Clear acrylic

Laser cutting clear acrylic sheet

What is clear acrylic anyway?

Back in the 1930’s, new plastics were being invented by boffins like they were going out of fashion – neoprene in 1932, polythene in 1933 and Perspex in 1934.

These newfangled materials found important uses almost from day one – in World War Two, flying machine cockpits were made of Perspex, while polythene was used to insulate components in the newly invented RADAR scanners on the South Coast of England, while neoprene was used to make synthetic rubber for tyres.

Today, Clear acrylic Perspex sheet hasn’t changed much and still offers near perfect optical clarity and makes for a great alternative to glass.  It is also, handily, very easily cut with a laser cutter.  On top of that it engraves beautifully and with a bit of care you can make some stunning point of sale display stands and even laser cut jewellery.

Clear acrylic sheet benefits from the following features:

  1. high gloss surface, which is exceptionally hard-wearing (though not totally scratch resistant)
  2. alternative finishes including frost acrylic sheets
  3. various thicknesses available from 1mm to 25mm
  4. easy to post form or bend with the application of a heat source e.g. hairdryer or heat gun (you can even put it in the oven but do remember to take it out before it melts everywhere!)
  5. it can also be vacuum formed with heat and specialist vacuum equipment to make small to medium sized items such as cups, chairs and even prosthetic limbs

In addition to clear acrylic, there are a variety of colours and finishes available including fluorescents and “edge lit” acrylics.

So is it Perspex or acrylic?

Perspex is a brand name which is used interchangeably with acrylic.  There are many manufacturers of acrylic sheet, but only one producer can call it Perspex.  Think of it like the difference between brand name prescription drugs and generic drugs.

In practice, there are slight differences in melting temperatures of acrylic between batches even from the same manufacture, and Perspex is generally regarded as a safe bet by laser cutters.  Some of the darker coloured generic acrylics in particular do behave relatively poorly in a laser cutter – “more melty” is a phrase which comes to mind.

How is acrylic sheet made?

There are two types of acrylic sheet.  Cast acrylic sheet is produced directly from what’s known as a monomer, a hot liquid squidged between two sheets of high quality glass.  The sheet is poured out in large batches from special ovens, with swimming pool sized water baths to cool things down in a large scale manufacturing process.  The sheets are then released from the glass and cut to standard sizes.

Extruded Perspex Sheet is produced from the acrylic polymer known as “Lucite Diakon”, in the form of granules.  The heated polymer is extruded under great pressure through what is basically a long slit, to form a sheet.

The main differences between cast acrylic and extruded acrylic are:

  • When laser cutting extruded acrylic , there will be a visible burr on one side, where the acrylic has melted but not vapourised
  • On laser cut cast acrylic there is almost no burr, hence the perception that cast acrylic is generally better
  • Extruded acrylic laser cut parts may look different depending on the direction of the acrylic extrusion
  • Laser engraved extruded acrylic has more tensile strength due to its composition, meaning it can be used in a rolling mill to apply a laser engraved texture to metals (e.g. in a rolling mill for silver jewellery)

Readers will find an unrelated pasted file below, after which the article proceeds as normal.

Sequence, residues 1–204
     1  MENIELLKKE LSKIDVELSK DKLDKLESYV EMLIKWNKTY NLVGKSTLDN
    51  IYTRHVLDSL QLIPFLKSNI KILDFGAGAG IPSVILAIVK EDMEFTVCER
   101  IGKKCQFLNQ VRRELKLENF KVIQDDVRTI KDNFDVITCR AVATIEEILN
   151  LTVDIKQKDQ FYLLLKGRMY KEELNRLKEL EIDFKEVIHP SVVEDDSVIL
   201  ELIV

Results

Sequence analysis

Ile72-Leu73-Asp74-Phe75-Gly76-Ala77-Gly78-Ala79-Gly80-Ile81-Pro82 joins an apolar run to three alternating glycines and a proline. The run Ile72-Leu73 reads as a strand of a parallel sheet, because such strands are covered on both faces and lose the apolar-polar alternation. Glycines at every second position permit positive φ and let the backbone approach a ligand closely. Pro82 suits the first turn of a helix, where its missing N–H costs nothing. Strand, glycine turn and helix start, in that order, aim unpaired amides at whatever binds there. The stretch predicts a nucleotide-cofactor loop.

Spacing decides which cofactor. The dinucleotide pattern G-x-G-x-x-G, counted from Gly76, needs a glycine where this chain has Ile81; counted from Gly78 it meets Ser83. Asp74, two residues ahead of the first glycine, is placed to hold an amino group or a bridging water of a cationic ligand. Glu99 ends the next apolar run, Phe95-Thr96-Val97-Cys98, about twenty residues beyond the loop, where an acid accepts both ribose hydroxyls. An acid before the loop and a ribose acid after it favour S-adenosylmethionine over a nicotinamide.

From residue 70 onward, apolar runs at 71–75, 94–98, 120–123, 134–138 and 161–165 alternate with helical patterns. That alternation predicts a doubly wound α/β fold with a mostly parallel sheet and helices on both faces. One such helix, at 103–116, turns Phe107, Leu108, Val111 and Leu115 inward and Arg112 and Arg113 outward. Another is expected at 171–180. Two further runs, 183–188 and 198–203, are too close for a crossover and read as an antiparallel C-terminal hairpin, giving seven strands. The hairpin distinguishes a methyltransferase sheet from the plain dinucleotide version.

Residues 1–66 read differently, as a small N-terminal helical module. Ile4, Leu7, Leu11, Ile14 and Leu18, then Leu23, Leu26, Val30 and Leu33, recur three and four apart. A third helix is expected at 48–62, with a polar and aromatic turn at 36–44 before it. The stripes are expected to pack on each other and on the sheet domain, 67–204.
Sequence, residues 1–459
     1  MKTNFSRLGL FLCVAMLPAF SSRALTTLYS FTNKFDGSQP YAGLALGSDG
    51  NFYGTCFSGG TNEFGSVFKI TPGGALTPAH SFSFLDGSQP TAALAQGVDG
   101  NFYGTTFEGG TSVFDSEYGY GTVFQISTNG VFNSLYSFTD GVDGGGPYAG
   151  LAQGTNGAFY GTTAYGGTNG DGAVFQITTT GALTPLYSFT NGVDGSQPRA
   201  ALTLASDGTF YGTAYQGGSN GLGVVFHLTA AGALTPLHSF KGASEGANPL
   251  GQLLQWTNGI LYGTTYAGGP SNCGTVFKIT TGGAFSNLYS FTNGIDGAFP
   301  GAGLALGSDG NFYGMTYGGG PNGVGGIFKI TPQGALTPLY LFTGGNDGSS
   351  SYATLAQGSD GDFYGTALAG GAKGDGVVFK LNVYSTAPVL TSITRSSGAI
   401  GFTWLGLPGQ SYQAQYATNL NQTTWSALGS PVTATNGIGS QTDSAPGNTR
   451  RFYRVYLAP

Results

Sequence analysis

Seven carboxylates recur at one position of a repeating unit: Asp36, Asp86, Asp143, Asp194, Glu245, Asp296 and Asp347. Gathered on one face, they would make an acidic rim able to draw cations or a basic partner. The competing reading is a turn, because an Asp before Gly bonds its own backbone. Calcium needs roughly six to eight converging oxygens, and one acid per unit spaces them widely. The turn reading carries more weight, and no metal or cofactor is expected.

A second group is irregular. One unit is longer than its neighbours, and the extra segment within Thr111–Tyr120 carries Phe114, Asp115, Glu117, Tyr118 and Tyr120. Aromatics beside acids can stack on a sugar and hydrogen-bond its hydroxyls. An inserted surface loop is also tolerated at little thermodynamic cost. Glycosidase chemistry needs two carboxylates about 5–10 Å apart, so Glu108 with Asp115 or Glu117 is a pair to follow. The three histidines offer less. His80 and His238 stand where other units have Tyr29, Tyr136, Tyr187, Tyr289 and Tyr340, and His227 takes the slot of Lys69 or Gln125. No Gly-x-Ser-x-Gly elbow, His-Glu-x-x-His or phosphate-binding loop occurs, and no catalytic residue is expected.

• Laser engraved extruded acrylic will appear more grey
  • Laser engraved cast acrylic will look whiter, especially noticeable on clear and dark acrylics

Handling acrylic sheet

As with many commercial sheet materials, acrylic sheet comes with a protective film surface.  This can be removed prior to cutting and engraving, although it’s generally much better to leave it on until the sheet has been processed.  You can laser engrave straight through the protective film.

Perspex comes labelled with a “display side”, but that’s more to do with logistics and human fallibility than any actual difference between the two sides.

Price of acrylic sheet

Although the oil price does directly affect the price of acrylic sheet, it remains an affordable, quality and readily available material to work with.

Generally, unless you specify when purchasing acrylic, you will receive cast acrylic, as it’s considered superior for most purposes, and generally a little bit cheaper.

Benefits of laser engraved clear Perspex

  • It looks great.  It’s quick and easy to cut.  It’s easy to handle.  It’s quite cheap.
  • Clear Perspex sheet has light transmission in excess of 92% – superior to all other thermoplastic sheet available and higher than that of glass.
  • Clear Perspex can be safely used outside and is backed by a 10 year manufacturers warranty against significant reduction in performance.

Drawbacks of laser engraving clear acrylic

  • Smell – fumes are quite pungent and filtration of the exhaust, or preferably extraction to the outside are required
  • Acrylic sheet does heat up during cutting if too many cuts are put too close together – this can cause cuts to fuse back together in places
  • Flash back from the laser bed can be an issue with inexperienced operators, causing the underside of the work to be marred, especially visible on jewellery and small items
  • Not so easy to recycle small amounts of waste, though specialist companies do exist to process it into coasters and place mats for example
  • In practice, bear in mind that harsh sunlight and driving wind and rain will affect that shiny new finish somewhat over time
  • It’s an oil based product 🙁

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